My regular reader will know that I'm not a huge fan of F1 (I know what the ‘F' stands for) but I was willing to give it another go as current opinion suggested that it was shaping up to be the best championship ever. Well, according to the BBC at least.
I would argue otherwise having just awoken from the coma that I had fallen into after the first race of the season, but I am a fair-minded chap and so it was off to Shanghai hoping that Jenson, Lewis and the boys could surprise me.
The opening certainly did, Jake Humphreys introducing a weird piece on Sebastien Vettel's (pictured) worrying trait of naming his cars after women, including Kate's dirty sister and this year's model, luscious Liz. Hot air getting in somewhere, and not just ducts.
“Sebastien showing the rewards you can reap if you treat your lady with respect,” is the formula for a winning relationship, according to Jake. All well and good until she prangs your big end.
Back to hot air and the volcanic eruption had grounded Eddie Jordan in London, so not all bad from it then, but Martin Brundle had made it and was wandering around like a threatening cloud in the pit lane, this time probing McLaren's F-duct. Nasty.
Then it started to lash, weather for ducks, or ducts depending on your personal persuasions, and Jake promised us, after an hour of build-up, that ‘it's shaping up to be exciting.'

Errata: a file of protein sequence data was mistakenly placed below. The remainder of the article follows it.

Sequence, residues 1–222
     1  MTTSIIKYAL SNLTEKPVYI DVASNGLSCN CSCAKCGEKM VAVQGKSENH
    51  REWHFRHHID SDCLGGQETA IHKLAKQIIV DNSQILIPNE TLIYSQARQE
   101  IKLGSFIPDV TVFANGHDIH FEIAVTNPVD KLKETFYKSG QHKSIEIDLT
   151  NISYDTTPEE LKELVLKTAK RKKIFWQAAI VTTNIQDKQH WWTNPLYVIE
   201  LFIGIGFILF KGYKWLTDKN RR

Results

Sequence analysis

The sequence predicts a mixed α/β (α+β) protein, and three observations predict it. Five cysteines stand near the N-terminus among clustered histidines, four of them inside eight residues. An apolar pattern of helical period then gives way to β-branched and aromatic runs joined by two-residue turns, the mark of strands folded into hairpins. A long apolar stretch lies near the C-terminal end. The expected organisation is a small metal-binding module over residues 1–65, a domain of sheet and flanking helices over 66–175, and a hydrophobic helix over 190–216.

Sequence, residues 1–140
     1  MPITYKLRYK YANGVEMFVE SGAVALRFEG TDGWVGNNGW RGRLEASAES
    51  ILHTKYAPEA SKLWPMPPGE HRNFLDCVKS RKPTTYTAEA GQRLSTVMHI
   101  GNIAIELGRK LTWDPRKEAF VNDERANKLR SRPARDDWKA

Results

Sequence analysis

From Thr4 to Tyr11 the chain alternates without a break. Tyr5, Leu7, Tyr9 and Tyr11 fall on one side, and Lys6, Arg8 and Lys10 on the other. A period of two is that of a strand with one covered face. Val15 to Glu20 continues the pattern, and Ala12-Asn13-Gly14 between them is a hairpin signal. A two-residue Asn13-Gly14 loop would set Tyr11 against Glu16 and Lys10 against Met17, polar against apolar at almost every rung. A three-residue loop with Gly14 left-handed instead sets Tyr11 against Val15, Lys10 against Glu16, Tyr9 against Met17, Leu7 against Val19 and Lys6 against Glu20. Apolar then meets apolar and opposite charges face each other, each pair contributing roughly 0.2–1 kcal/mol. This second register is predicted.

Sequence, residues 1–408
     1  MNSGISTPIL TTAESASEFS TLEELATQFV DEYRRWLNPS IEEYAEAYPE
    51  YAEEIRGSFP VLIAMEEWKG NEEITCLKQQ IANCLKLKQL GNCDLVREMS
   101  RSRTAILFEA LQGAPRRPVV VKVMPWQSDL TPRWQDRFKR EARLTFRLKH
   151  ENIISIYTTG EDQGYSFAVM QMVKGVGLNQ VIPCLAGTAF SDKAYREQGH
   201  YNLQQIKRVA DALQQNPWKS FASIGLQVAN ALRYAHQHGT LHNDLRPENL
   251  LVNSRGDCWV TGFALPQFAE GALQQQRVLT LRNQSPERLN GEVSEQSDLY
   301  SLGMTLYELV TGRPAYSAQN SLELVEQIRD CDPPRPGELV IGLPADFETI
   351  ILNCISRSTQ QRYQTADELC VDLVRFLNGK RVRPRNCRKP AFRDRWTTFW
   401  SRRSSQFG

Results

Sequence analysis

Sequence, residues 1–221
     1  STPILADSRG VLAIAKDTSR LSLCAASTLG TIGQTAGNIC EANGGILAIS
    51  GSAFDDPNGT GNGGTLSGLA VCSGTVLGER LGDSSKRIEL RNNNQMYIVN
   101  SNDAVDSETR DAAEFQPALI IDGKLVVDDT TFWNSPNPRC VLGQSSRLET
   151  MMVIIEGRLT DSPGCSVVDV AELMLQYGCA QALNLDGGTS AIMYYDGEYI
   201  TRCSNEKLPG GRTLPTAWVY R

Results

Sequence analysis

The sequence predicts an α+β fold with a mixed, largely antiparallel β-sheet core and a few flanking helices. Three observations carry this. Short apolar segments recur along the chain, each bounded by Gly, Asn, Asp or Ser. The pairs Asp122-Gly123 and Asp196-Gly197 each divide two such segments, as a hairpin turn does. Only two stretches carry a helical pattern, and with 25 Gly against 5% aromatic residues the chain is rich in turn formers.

And then we were off and a lap later they slowed down as the safety car came out to signal the start of the world tyre-changing championships.
I can't take this much excitement, Jake.
There would have been less wheel-based shenanigans if Boadicea had popped out in her chariot and wreaked absolute havoc in Tesco's car park and if I wanted to watch two hours of men in boiler suits humping Bridgestones about I'd just nip down to Kwik Fit for the morning.
In the end, Jenson won again and there were concerns that the ash cloud could leave F1 stranded in China.
Any chance that second volcano in Iceland could start bubbling?
Still, while Sebastien had the joy of six with Liz, there were at least some Red Bull competitors defying the volcano by roaring into the skies in their magnificent flying machines.
Both Five and Sky show the Red Bull Air Race World Championships and I was sceptical but with people beginning to point at the heavens like Fred Flintstone and wondering where all the big silver birds had gone to, I just wanted to ensure that flight was still possible.
“It's all about speed, precision and exceptional talent,” was the proud boast, as 15 men in wee planes took to the skies of Abu Dhabi but sadly the chance to say ‘Abu Dhabi flew' was passed by.
And we were off, buzzing around at 300mph about 20 feet above the harbour.
Health and safety would never pass this in Larne, then again, the flotilla of people fleeing in Falklands-like fashion would stop any planes from taking a dip.
It's all a bit mad, pilots weaving their way through giant inflatable traffic cones, only to be disqualified by a judge sitting with a protractor working out the angle they came in at was a degree or two out.
But like in China there was a British one-two, Paul Bonhomme edging out Nigel Lamb, and not a spare tyre or wing needed anywhere.